What is Air Cooled Condenser

Air Cooled Condenser

Many facilities are being pushed to convert existing power plants to closed-circuit cooling water systems or even dry cooling alternatives because of escalating environmental restrictions and public pressure, rather than continuing to use once-through river or ocean cooling water. There just isn’t enough water in dry areas to meet the demands of both power plants and people.

Dry cooling may also be adopted early in a project by an astute developer since it broadens plant siting possibilities and may greatly speed up construction permit clearance due to the avoidance of water usage limits. Even a six-month delay in a project’s timeline may have a significant impact on its economics and easily offset the higher capital cost of dry cooling systems.

The Fundamentals of an Air-Cooled Condenser

ACC is a direct dry cooling system that condenses steam within air-cooled finned tubes using vacuum.

The major components of an ACC include ducting (for steam transmission), a finned tube heat exchanger, axial fans, motors, gear boxes, pipelines, and tanks (for condensate collection).

Ambient air is passed through a finned tube heat exchanger with a forced draft axial fan to condense the steam.

The finned tube heat exchanger, which comes in a few forms, is the main component of the ACC:

  • SRC (Single Row Condenser)
  • MRC (Multi Row Condenser)

The fundamentals of air-cooled condenser design

Direct dry cooling, as opposed to once-through water-cooled facilities, condenses turbine exhaust steam within finned tubes that are externally cooled by ambient air rather than sea or river water. There are two ways to circulate ambient air for condensate cooling: utilize fans to move the air or take use of nature’s draft.

The natural draft system employs the well-known hyperbolic tower, which may reach heights of more than 300 feet and is furnished with a series of heat exchangers. The second, more well-known design option is the air-cooled condenser, which employs motor-driven fans rather than the inherent buoyancy of hot air. Due to the large scale of hyperbolic constructions, natural draft is a specialized usage for tiny areas. As a result, air cooled condensers with mechanical draw are employed in around 90% of the world’s dry-cooled power plants.

The steam from the turbine exhaust enters a steam distribution manifold on the ACC structure’s roof. Following that, the steam is dispersed via fin tube heat exchangers arranged in an A-shape in a “roof structure.” Steam condenses within the tubes due to the cooling action of ambient air pulled across the exterior finned surface of the tubes by the fans. The fans are located at the A-shape structure’s base. Condensate drains from fin tube heat exchangers into condensate manifolds and subsequently to a condensate tank before being directed to the boiler or standard feed heating system.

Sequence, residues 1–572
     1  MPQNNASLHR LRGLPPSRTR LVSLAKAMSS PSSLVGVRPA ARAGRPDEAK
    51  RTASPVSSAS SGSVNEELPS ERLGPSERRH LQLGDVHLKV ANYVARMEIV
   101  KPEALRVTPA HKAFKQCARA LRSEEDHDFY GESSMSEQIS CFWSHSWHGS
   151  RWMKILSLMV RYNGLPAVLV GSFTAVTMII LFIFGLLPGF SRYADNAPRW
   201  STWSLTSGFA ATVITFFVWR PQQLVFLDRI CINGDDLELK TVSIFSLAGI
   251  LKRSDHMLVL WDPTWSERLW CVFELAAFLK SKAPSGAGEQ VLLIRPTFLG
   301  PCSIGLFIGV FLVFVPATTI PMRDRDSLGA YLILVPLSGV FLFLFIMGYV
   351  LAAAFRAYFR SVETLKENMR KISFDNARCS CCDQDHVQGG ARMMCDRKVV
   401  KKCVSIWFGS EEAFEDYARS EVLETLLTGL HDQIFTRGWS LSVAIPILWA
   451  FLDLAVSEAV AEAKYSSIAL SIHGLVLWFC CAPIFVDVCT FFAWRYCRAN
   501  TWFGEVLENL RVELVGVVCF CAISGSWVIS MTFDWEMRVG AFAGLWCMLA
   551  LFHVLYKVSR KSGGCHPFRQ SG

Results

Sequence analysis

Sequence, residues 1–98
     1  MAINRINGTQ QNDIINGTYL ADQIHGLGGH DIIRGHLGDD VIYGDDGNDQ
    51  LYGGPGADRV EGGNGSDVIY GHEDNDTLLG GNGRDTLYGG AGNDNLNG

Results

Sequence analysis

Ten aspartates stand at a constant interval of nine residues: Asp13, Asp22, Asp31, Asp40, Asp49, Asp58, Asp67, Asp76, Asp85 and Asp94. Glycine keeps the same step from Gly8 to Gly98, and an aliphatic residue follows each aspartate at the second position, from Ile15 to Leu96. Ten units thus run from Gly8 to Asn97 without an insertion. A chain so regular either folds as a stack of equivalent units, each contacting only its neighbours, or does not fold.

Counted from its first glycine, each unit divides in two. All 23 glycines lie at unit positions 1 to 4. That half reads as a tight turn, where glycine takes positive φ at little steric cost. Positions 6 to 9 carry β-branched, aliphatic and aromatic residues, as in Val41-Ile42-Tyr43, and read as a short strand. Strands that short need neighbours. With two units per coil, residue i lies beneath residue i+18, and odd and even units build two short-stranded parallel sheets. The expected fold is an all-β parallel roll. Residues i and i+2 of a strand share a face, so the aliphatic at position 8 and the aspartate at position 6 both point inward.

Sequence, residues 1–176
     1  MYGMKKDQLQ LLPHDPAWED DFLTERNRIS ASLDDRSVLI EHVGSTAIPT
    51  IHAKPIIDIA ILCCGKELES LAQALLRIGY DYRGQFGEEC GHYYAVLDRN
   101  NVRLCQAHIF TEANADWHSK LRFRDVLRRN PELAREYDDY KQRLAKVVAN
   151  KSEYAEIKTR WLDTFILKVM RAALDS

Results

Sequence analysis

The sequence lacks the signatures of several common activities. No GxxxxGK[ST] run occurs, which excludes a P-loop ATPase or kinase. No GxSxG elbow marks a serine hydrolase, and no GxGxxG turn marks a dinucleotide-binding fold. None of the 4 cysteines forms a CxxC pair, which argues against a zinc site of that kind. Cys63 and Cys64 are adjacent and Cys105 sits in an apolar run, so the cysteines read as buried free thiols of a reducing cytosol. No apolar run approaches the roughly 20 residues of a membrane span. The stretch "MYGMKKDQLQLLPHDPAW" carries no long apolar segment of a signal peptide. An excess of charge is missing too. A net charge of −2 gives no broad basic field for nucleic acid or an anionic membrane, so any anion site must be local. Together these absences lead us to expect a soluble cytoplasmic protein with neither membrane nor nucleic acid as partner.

An ACC works in the same way as a regular surface condenser under vacuum. Air and other non-condensable gases enter the steam through a variety of routes, including system border leaks and the steam turbine. Non-condensable gases are evacuated in the ACC’s “secondary” section, which is connected to vacuum pumps or air ejectors that exhaust the non-condensable gases to the atmosphere.

The heat exchanger and its finned tubes are the primary distinction between ACC systems from various manufacturers. There are two kinds of heat exchangers: single-row and multi-row. There are various arguments for and against each idea’s benefits. The single-row construction is clearly advantageous in very cold circumstances. In addition, the market offers three tube shapes: round, oval, and flat. The most advanced tubes are spherical and flat, and they function well in almost all situations.

Suppliers differ in terms of fin form as well. Under transitional situations, some fin designs are less prone to fouling and mechanically more durable. Fins of the highest quality are tightly connected to the bare tube, resulting in a useful life expectancy equivalent to that of power plants.

The material used for the finned tubes is the last crucial design element. The two most dependable power plant technologies are aluminum fins brazed on flat bare aluminum tubes wrapped in aluminum or oval galvanized finned tube bundles.

If ACC is chosen, a plant site in China, as well as other areas worldwide, is not necessary to be near a water supply. Instead of transmission lines, either gas distribution lines (for combined-cycle facilities) or rail lines might be optimized (for coal-fired plants). China’s solid fuel facilities are often located near coal mines, which explains why the government is now interested in air cooling. Finally, land expenses may be decreased if a lake, river, or coastal plant site is not necessary.

Market for Air Cooled Condensers

Europe had a tiny market for big or medium-sized power plants between the 1960s and the 1990s. Instead, it relied on massive coal-fired power facilities and nuclear reactors. Dry-cooling designs, on the other hand, have grown in favor because of water scarcity in the Middle East, China, South Africa, and the United States (at coal mine locations, in desert environs, or for other similar reasons). After 1990, the global market for dry cooling started to develop, and it has more than doubled in the last 13 years.

The market for dry-cooling equipment is projected to stay busy soon, owing to China’s enormous electrical demand. Reasonable increase is also anticipated in Europe, as several European Union member nations reaffirm their commitment to manage future water resources. In the foreseeable future, the Middle East (Emirate’s region) and India will undoubtedly become two enormously significant markets. Since the middle of 2005, the market in the United States has been progressively expanding.